1871 An act to amend an act entitled "An act to supply the city of Binghamton with pure and wholesome water," passed April twenty-fifth, eighteen hundred and sixty-seven, and the acts amendatory thereof.  March 29, 1871.  Authorized to borrow an additional $25,000.

1872 An act to amend an act entitled "An act to supply the city of Binghamton with pure and wholesome water," passed April twenty-fifth, eighteen hundred and sixty-seven, and the acts amendatory thereof.  April 25, 1872.  Authorized to borrow an additional $25,000.

1872 The Annals of Binghamton: And of the Country Connected with it from the Earliest Settlement, J. B. Wilkinson
Page 307:  It may be well to insert here the date when Binghamton became incorporated as a City, which was by act of the Legislature passed April 9th, 1867. By an Act passed the 25th of the same month, provision was made for supplying the City with water, under which the present system of Water Works was constructed.

1873 An act to amend an act entitled "An act to supply the city of Binghamton with pure and wholesome water," passed April twenty-fifth, eighteen hundred and sixty-seven.  April 24, 1873.

1874 "Fatal Boiler Explosion at Binghamton," The New York Times, March 11, 1874, Page 5.

1874 "A Terrific Explosion. A Man Blown a Hundred Feet into the Air - Partial Demolition of the Binghamton Water Works," Buffalo Evening Courier and Republic, March 12, 1874, Page 2.

1874 "Recent Boiler Explosions," Scientific American 30(17):260 (April 25, 1874)
Account of the boiler explosion at Binghamton water works, on March 10, together with the report of the inquest and finding of the jury.

1875 An act supplementary to chapter seven hundred and eighty of the laws of eighteen hundred and sixty-seven, entitled "An act to supply the city of Binghamton with pure and wholesome water," and the acts amendatory thereof.  May 1, 1875.  Authorized to borrow an additional $30,000, enact a frontage tax, and take water from the Susquehanna River.

1876 Annual Report of the Board of Water Commissioners of the City of Binghamton for the year ending December 31, 1876. | Also includes reports for later years |

1878 "The Holly System of Water Supply and Fire Protection for Cities and Villages," Scientific American Supplement, 6(140supp):2219-2234 (September 7, 1878)

1879 Annual Report of the Board of Water Commissioners of the City of Binghamton for the year ending December 31, 1879. | Also includes reports for later years |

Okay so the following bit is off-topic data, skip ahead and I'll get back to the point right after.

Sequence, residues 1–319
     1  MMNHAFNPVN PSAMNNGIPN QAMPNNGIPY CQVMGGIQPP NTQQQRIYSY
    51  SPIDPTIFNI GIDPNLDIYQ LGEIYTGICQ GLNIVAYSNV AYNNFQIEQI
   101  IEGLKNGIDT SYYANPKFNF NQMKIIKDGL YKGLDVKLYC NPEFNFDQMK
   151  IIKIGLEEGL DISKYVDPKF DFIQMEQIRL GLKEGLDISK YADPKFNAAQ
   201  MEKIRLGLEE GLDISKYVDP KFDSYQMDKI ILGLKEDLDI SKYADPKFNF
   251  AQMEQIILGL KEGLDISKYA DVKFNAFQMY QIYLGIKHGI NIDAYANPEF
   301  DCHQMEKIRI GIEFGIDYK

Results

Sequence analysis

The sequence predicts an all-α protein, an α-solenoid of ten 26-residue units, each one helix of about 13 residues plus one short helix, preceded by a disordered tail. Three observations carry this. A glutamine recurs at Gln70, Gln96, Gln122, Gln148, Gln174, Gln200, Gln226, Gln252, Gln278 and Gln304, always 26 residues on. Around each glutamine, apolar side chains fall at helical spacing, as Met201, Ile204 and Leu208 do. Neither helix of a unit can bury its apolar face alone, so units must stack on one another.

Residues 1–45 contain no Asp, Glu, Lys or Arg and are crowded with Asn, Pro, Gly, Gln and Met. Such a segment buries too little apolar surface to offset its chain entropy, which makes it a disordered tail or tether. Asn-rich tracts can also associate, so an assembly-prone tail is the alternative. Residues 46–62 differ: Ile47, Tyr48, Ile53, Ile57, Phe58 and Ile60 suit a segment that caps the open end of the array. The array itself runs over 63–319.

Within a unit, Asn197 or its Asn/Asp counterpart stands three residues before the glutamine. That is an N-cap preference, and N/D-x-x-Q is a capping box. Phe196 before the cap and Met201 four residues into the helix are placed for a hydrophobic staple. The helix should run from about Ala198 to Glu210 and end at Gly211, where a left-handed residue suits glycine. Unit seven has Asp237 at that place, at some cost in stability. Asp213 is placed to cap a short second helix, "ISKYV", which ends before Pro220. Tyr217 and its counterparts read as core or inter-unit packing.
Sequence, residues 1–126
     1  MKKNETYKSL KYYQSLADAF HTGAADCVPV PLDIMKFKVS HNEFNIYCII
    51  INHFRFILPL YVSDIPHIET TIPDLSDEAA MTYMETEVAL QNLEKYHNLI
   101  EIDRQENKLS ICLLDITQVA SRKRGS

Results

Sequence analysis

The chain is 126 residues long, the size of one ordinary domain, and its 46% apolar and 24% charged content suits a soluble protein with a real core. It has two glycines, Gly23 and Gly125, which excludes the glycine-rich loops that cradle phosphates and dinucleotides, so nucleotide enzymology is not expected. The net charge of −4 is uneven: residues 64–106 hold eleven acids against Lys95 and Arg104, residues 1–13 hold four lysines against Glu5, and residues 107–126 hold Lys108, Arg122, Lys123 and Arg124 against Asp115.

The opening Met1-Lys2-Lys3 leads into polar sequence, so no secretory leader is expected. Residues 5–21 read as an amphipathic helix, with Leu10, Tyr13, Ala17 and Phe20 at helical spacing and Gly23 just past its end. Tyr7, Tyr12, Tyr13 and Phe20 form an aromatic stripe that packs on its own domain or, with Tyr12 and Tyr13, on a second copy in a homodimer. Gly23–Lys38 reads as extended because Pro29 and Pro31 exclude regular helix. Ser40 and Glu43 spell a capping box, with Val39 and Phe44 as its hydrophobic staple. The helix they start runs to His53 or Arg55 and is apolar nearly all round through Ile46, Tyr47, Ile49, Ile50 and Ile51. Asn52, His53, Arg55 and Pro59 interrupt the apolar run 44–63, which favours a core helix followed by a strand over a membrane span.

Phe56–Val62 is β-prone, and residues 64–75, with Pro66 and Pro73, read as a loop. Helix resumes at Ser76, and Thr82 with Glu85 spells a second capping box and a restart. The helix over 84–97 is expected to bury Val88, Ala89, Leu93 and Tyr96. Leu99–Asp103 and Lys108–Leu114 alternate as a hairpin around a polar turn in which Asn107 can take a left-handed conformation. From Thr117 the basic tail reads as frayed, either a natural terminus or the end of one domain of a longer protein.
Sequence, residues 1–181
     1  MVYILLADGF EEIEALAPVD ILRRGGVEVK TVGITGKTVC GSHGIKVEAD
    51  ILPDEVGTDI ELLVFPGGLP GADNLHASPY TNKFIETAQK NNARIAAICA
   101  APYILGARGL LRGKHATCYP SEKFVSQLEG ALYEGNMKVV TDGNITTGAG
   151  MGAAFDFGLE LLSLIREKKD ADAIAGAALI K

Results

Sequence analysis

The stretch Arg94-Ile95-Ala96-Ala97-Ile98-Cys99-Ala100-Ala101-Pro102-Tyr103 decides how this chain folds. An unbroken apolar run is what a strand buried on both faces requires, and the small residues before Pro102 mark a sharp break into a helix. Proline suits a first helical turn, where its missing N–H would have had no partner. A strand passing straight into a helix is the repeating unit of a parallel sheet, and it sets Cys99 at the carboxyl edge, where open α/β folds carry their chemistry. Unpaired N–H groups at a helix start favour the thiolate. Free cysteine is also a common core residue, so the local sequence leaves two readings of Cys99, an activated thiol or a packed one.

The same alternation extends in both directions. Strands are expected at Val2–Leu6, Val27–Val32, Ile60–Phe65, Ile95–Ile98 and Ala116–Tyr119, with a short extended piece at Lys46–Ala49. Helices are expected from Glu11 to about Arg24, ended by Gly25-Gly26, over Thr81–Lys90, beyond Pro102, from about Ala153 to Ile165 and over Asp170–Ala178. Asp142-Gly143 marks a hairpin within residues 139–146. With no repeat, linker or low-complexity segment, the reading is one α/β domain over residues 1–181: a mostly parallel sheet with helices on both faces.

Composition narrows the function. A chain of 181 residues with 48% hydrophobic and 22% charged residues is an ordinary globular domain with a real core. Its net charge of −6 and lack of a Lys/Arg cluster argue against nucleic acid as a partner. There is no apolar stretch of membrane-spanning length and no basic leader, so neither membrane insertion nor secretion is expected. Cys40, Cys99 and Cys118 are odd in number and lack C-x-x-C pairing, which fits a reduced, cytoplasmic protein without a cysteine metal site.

1881 "Binghamton," from Engineering News 8:333 (August 20, 1881)

1882 Annual Report of the Board of Water Commissioners of the City of Binghamton for the year ending December 31, 1882. | Also includes reports for later years |

1884 "The Water Works of Binghamton," by Walter Loring Webb, May 1884.  A thesis for the degree of Civil Engineering, Cornell University.

1887 An act to amend chapter two hundred and seventy-nine of the laws of eighteen hundred and seventy-five, entitled "An act supplementary to chapter seven hundred and eighty of the laws of eighteen hundred and sixty-seven, entitled "An act to supply the city of Binghamton with pure and wholesome water," and the acts amendatory thereof.  April 11, 1887.  Authorized to borrow an additional $91,000.

1888 "Binghamton," from Manual of American Water Works, Volume 1.

1890 "Binghamton," from Manual of American Water Works, Volume 2.

1891 "Binghamton," from Manual of American Water Works, Volume 3.

1897 "Binghamton," from Manual of American Water Works, Volume 4.

1900 Annual Report of the Board of Water Commissioners of the City of Binghamton for the year ending December 31, 1899.

1900 "City Water Works," from Binghamton, Its Settlement, Growth and Development: And the Factors in Its History, 1800-1900, William Summer Lawyer | also here |

1916 Water Commissioners of the City of Binghamton, Respondent, v. the City of Binghamton and Others, Appellants, 173 N. Y. App. Div. 327, May 3, 1916. Appellate Division of the Supreme Court of the State of New York

1933 "The Story Behind the Binghamton Water Works," Press and Sun-Bulletin (Binghamton, New York) March 22, 1933, Page 3.




© 2007 Morris A. Pierce